Kenneth Cain is an internationalist UN booster who still thinks "Annan is not personally corrupt or incompetent." Nonetheless, the UN's complete and total failures in Congo, Darfur and Rwanda convince him that Annan is useless. Here are three key paragraphs from Cain's op-ed in the Observer (UK):
I am co-author of a book critical of Annan's peacekeeping legacy, Emergency Sex (and Other Desperate Measures): True Stories from a War Zone . My co-author, Dr Andrew Thomson, penned a line that drove the UN leadership to fire him. Lamenting UN negligence in failing Bosnian Muslims whom it had promised to protect in its 'safe area' of Srebrenica - where 8,000 men were slaughtered - Thomson wrote: 'If blue-helmeted UN peacekeepers show up in your town or village and offer to protect you, run. Or else get weapons. Your lives are worth so much less than theirs.'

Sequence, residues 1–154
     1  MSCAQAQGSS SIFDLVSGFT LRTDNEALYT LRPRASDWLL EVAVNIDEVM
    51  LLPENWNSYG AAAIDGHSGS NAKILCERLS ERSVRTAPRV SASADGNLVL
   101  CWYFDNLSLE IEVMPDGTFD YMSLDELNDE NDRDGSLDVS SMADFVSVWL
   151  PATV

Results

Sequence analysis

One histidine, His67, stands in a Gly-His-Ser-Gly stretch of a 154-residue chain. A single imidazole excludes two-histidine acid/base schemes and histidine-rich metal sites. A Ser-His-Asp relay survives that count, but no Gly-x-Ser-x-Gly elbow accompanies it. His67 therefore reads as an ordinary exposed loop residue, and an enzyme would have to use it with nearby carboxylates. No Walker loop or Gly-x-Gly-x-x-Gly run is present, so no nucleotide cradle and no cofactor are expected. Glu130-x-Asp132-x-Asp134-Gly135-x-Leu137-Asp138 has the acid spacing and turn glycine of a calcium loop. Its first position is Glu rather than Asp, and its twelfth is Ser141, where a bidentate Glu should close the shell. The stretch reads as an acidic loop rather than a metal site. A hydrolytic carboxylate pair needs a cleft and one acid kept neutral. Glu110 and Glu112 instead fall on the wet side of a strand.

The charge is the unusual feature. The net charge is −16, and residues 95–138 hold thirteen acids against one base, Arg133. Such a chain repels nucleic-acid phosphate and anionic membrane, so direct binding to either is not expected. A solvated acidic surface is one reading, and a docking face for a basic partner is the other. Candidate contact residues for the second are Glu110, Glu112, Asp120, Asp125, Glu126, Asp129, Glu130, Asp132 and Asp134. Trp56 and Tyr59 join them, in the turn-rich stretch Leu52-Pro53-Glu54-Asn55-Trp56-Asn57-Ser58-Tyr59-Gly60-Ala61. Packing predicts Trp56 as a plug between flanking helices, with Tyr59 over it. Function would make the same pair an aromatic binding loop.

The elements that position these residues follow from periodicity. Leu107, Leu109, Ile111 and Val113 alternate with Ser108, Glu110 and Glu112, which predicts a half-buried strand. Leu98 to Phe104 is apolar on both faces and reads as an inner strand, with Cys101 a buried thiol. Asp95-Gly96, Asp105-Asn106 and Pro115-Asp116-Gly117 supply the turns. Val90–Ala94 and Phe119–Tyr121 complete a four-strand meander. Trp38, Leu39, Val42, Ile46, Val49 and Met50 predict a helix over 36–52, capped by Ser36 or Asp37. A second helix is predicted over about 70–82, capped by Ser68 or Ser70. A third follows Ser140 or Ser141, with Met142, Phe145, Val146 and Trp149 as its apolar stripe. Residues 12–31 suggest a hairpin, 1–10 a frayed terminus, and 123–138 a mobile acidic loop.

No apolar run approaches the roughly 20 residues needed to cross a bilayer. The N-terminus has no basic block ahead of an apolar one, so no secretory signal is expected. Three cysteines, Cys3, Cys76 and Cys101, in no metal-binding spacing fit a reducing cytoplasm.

Our book is often criticised by fellow travellers on the left because we hold Annan and the UN accountable. As head of peacekeeping then, and as secretary-general now, Annan's power to effect any change on the ground, our critics remind us, is constrained by the interests of the Security Council (the US and France didn't want to intervene in Rwanda, the French again in Bosnia, and China and Russia now in Darfur). Therefore it's unrealistic to argue that Annan should risk his job by exhorting his Security Council bosses to do the right thing in the face of genocide.
Our response? Annan asks - no, orders - unarmed civilians to risk their lives every day as election observers, human rights monitors, drivers and secretaries in the most dangerous conditions all over the world. They do it, heroically, every day. And, in the service of peace, some pay with their lives; others with their sanity. How can he then not ask of himself the courage to risk his job in the cause of preventing genocide? At the very least, he could go down trying to save lives, as opposed to going down trying to explain why he didn't.